Denial of Service (DoS) attacks are prevalent and on the rise. Victims of these orchestrated attacks range from major financial institutions to individuals attempting to access their personal email. These attacks can cause significant damage, in terms of lost revenue and increased costs, for organizations of all sizes and across all industries. Some organized cyber criminals steal and launder money while others cause users to experience online and mobile services outages, preventing them from accessing their own funds.
In today’s climate of increasing cyber crime, many businesses are cognizant of the fact that it’s no longer a question of “if” a Denial of Service attack will occur – rather, it’s “when.”
DoS attacks are deliberate attempts to disrupt and keep legitimate users from accessing information systems. Cyber criminals may target websites and email accounts, online banking systems or even military intelligence networks.
The most common way to deploy a DoS attack is by flooding a network with information to overload server capacity, slowing down the system or causing a complete blockage of access by legitimate users.
While a DoS attack typically targets an information system, Distributed Denial of Service (DDoS) attacks utilize individual computers to achieve the same objective of slowing down a system and make it unavailable to users. In a DDoS attack, targeted computers are controlled by the hacker, and programmed to send out huge amounts of data to a particular website, or spam emails to other users. With DDoS, cyber criminals use multiple computers to carry out an attack.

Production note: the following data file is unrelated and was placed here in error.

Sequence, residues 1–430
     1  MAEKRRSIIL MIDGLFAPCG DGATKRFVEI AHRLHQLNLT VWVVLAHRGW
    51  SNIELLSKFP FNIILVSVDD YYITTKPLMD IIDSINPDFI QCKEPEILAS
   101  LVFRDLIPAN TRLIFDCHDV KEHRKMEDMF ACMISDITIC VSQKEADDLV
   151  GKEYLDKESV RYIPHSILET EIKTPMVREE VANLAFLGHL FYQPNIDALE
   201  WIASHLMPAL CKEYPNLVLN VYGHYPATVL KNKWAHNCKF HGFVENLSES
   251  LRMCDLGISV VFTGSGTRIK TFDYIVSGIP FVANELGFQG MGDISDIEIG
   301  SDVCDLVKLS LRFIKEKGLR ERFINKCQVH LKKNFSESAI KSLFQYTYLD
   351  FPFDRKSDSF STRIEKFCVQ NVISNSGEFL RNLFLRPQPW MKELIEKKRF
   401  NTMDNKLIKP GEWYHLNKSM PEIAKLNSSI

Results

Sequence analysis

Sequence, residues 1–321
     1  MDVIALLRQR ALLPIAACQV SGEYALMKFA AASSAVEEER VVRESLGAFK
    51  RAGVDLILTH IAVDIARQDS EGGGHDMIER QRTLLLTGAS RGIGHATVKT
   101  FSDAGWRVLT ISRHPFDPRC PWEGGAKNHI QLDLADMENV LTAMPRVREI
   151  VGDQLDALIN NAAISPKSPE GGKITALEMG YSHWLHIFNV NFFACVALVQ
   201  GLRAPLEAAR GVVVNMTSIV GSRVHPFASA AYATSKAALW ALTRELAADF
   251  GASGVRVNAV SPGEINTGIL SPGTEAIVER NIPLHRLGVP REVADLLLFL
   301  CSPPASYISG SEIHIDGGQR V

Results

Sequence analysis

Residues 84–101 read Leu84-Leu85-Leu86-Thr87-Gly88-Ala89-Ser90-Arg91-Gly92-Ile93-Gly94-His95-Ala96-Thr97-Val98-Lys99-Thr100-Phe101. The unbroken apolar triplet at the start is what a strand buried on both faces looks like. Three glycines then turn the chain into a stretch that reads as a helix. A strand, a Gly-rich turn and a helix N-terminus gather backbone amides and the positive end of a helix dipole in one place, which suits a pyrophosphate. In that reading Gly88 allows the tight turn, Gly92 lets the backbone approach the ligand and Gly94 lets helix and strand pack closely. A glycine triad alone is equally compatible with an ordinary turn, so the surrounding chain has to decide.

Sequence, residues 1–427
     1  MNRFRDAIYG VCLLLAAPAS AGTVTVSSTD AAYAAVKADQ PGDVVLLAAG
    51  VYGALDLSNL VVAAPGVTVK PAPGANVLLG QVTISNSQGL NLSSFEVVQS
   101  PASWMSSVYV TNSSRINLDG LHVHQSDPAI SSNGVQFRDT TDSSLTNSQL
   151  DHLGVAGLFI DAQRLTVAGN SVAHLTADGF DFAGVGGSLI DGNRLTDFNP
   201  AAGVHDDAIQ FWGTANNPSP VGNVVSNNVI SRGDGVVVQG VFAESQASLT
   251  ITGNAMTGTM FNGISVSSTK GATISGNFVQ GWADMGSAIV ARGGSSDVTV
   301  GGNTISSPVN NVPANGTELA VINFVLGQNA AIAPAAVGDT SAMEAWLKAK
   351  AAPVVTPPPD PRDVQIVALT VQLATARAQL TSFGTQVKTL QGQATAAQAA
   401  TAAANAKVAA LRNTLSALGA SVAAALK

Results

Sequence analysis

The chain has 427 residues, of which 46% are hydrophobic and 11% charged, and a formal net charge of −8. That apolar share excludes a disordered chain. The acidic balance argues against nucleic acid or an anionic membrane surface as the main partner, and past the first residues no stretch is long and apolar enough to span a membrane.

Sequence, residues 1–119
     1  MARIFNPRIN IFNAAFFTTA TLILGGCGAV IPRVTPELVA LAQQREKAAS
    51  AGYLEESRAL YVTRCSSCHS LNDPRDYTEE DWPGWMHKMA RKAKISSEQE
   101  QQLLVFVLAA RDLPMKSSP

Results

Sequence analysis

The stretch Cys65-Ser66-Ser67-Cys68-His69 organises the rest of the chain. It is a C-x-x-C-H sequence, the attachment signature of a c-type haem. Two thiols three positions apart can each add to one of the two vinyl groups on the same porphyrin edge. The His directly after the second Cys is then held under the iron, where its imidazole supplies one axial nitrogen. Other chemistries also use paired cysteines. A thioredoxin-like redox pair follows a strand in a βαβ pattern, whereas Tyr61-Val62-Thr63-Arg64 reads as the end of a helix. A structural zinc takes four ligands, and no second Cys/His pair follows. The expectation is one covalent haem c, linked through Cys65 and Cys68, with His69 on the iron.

As with most cyber crimes, financial motives have traditionally been behind most of the DoS attacks that businesses face. However, in the past few years, cybersecurity professionals have observed additional motivations, such as online “vandalism,” that takes advantage of vulnerabilities in network cybersecurity, and ideological attacks, known as “hacktivism.” Hacktivists attack organizations for a reason other than financial gain; typically, they are making a statement about what the company does or doesn’t do.
Businesses might suspect they’re under a DoS attack when their network becomes unusually slow or goes down completely. Files and websites take longer to open, or are completely inaccessible. Individuals under attack often see an increase in spam email messages, which overwhelm their accounts and block receipt of legitimate messages.
Once DoS and DDoS attacks begin, there is not much that can be done to stop them. Therefore, the best way to mitigate risk is to prepare for and prevent these calculated attacks before they happen.
Any organization could be vulnerable to cyber attacks, because there are always new threats, and the number of cyber criminals is on the rise. DoS attackers continually change their tactics, capitalizing on known vulnerabilities and creating new combinations of attacks. Cybersecurity experts recommend organizations defend networks from hackers through risk-mitigating procedures, including:
There is little doubt that DoS attacks are increasing, and cyber criminals are becoming more sophisticated. But that doesn’t mean they have to win. Cybersecurity professionals have the expertise to help organizations of all sizes prevent these attacks, saving untold millions of dollars in direct losses and associated costs every year. Cybersecurity training provides the skill and knowledge required to understand risk, mitigate exposure and prevent future attacks.